Illustrative image (Source: VNA)
HCM City (VNA) - Farmers in the Mekong Delta have begun harvesting the year’s third rice crop, but face low yields even as prices have been pushed down by export difficulties.

Nguyen Van Xiem Nho of Phu Duc Commune in Dong Thap Province’s Tam Nong District said his area had grown three rice crops a year for many years, but this year’s yield has been the lowest.

“In the previous autumn-winter rice crop, the yield was 5.5-6 tonnes per hectare, but this year the yield is less than 5 tonnes.”

Bad weather and disease outbreaks have also increased production costs but prices are low, causing farmers losses, he said.

In other delta provinces like Hau Giang and Kien Giang, farmers are worrying about a poor autumn-winter harvest.

Danh Hau, Head of Giong Ke Hamlet in Kien Giang Province’s Hon Dat District, said 1,000ha of winter-spring rice was earlier damaged by drought and saltwater intrusion.

Now farmers face a poor harvest because of diseases, he said.

Many had left the place for HCM City and Binh Duong Province to find jobs, he added.

The price of the grain in the delta has fallen significantly compared to some months ago, according to local farmers.

Nguyen Thi Nguyet, who has harvested two hectares of rice in Dong Thap Province’s Tam Nong District, said: “Traders try to push rice prices down between 4,000 and 4,600 VND. If I sell rice at these prices, I will suffer losses.”

Duong Phuong Thao, Deputy Head of the Ministry of Industry and Trade’s Export and Import Department, said paddy prices have been falling because of large inventories caused by difficulties in exporting.

The delta plans to grow 867,000ha this autumn-winter, and farmers have sowed more than 700,000ha so far, according to the Ministry of Agriculture and Rural Development (MARD).

More than 110,000ha, planted early, have been harvested so far.

This year many farmers sowed the autumn-winter crop one month earlier than usual because the flood season was unusually brief.

The annual flooding caused by the rising levels of the Mekong River and its tributaries between August and November brings silt to the rice fields and destroys pests such as mice.

Higher-profit crops
Nguyen Van The, Secretary of the Soc Trang Province Party Committee, said the delta’s farmers have contributed greatly to the country’s food security and rice exports for many years, but the number that has become rich from growing rice is not high.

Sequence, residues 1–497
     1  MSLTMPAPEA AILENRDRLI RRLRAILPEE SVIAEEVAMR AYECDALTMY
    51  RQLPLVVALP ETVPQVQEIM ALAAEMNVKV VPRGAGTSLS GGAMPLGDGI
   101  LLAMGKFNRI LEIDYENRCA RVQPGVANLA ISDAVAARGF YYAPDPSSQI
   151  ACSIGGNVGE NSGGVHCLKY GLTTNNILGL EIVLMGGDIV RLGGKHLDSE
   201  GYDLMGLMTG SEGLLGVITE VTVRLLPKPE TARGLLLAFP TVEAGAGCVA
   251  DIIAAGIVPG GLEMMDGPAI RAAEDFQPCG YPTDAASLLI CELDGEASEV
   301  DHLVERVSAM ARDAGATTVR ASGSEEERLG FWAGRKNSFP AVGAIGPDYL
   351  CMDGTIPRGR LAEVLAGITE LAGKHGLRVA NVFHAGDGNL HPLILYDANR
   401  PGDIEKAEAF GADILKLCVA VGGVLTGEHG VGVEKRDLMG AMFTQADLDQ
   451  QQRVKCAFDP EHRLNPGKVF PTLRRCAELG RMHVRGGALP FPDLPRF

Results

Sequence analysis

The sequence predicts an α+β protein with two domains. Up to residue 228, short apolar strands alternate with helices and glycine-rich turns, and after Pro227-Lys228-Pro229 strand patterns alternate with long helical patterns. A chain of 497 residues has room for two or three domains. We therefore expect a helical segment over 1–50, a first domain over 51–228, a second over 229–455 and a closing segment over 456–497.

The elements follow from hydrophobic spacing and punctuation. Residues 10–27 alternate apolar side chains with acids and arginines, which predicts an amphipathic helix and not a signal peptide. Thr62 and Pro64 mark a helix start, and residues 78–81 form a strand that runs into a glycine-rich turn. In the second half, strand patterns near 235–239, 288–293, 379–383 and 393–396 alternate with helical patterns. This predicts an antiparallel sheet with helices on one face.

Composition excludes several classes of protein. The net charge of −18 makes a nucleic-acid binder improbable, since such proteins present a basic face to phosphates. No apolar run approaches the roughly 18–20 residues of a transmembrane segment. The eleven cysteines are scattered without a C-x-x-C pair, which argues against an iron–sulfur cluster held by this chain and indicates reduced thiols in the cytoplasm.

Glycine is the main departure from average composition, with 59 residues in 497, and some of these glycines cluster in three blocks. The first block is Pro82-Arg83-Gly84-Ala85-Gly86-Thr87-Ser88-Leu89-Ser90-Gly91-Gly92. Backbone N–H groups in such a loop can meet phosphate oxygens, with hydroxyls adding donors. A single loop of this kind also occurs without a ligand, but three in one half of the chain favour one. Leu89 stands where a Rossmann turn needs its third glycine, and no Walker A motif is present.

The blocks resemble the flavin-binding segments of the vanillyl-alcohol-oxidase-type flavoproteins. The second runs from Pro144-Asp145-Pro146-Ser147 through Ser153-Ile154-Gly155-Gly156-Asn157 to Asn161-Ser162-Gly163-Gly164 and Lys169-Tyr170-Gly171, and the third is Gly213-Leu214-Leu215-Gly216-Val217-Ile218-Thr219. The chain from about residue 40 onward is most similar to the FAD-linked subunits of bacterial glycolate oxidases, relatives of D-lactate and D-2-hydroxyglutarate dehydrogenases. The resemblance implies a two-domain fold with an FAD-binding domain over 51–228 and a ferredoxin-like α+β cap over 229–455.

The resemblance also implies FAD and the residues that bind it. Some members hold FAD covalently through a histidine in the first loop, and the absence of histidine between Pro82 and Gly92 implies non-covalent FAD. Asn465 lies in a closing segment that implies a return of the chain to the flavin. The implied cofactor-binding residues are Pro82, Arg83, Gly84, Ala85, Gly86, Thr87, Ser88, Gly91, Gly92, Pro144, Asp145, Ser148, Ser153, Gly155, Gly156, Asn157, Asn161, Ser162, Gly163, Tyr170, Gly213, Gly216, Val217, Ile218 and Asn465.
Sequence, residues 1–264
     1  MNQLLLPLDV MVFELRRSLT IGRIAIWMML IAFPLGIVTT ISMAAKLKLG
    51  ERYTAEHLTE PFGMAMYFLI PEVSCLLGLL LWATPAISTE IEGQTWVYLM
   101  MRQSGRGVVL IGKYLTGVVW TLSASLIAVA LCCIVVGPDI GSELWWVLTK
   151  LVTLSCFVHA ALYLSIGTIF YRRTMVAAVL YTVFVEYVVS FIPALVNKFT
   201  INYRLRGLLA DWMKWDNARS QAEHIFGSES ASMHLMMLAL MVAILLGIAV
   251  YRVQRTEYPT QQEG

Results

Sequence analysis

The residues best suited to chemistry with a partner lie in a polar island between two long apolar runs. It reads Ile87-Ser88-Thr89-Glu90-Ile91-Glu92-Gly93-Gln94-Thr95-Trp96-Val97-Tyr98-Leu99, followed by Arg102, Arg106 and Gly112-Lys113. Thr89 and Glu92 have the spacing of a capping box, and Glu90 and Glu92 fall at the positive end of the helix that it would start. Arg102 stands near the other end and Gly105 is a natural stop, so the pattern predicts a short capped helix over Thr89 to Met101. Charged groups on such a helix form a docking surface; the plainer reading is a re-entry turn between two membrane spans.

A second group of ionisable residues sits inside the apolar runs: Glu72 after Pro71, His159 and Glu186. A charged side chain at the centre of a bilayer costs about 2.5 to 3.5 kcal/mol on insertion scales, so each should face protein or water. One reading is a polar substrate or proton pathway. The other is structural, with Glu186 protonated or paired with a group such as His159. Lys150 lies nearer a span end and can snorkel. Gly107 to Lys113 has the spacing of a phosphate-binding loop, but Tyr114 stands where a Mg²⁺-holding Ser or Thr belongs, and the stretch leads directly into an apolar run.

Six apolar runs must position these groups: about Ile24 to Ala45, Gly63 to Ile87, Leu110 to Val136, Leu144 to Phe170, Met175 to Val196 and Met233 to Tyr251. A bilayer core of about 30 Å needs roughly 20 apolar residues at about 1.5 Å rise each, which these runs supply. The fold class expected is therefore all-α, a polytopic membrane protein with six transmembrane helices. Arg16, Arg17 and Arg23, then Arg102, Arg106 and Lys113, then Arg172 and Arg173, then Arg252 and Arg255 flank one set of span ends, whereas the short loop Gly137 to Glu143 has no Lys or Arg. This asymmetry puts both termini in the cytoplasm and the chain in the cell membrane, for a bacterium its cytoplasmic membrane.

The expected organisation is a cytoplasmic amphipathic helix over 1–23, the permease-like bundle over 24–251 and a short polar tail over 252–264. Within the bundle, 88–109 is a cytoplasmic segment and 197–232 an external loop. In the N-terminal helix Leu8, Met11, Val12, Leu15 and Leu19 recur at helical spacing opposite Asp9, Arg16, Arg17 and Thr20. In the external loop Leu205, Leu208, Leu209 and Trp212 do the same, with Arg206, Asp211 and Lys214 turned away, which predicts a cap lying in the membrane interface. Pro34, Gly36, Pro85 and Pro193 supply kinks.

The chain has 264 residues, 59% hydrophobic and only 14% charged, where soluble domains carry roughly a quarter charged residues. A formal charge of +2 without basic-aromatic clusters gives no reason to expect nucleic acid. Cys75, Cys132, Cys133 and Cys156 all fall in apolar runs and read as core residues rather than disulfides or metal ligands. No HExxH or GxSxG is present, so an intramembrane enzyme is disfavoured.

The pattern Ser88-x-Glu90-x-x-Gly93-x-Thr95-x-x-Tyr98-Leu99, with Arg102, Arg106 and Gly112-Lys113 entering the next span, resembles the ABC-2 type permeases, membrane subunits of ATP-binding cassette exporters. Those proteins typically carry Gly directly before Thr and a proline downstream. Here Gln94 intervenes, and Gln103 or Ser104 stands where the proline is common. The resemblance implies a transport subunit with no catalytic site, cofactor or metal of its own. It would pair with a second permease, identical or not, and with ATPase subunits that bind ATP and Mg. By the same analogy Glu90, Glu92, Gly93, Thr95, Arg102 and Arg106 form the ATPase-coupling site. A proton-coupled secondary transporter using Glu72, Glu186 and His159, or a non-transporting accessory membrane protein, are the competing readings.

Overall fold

Increasingly bad weather and saltwater intrusion deep into rivers affect rice cultivation the most, he said.

Besides, rice prices are declining while fruit prices are rising because of increased exports, he said.

Soc Trang farmers who grow green-peel and pink-flesh grapefruit make an average profit of 300 million VND (13,600 USD) per hectare every year, many times higher than from rice.

Similarly, farmers who breed shrimps also make many times more profits.

“Soc Trang does not require its farmers to grow rice at any cost. Farmers should calculate to switch to other crops that are suitable for each place and meet market demand.”

According to Nguyen Van Duong, Chairman of the Dong Thap Province People’s Committee, in restructuring agriculture the province has made rice only one of five key produce.

Other produce like flowers and ornamental trees, mangoes and ducks yield better profits than rice, and so the province is focusing on them.

In areas zoned for rice, the province has reorganised production by bringing together farmers and enterprises to reduce costs and increase profits.

After three years of restructuring agriculture, the delta – the country’s largest rice, fruit and seafood producer – has switched to growing other crops like sesame, corn, soy bean and vegetables on more than 78,000ha of less fertile rice fields, according to MARD.

These crops offer 20-30 percent higher profits.

Minister of Agriculture and Rural Development Nguyen Xuan Cuong said fruit trees and aquaculture had potential for development and could help farmers become rich.

The agriculture sector should focus on developing fruit trees and aquaculture based on global demand and response to climate change, he added.-VNA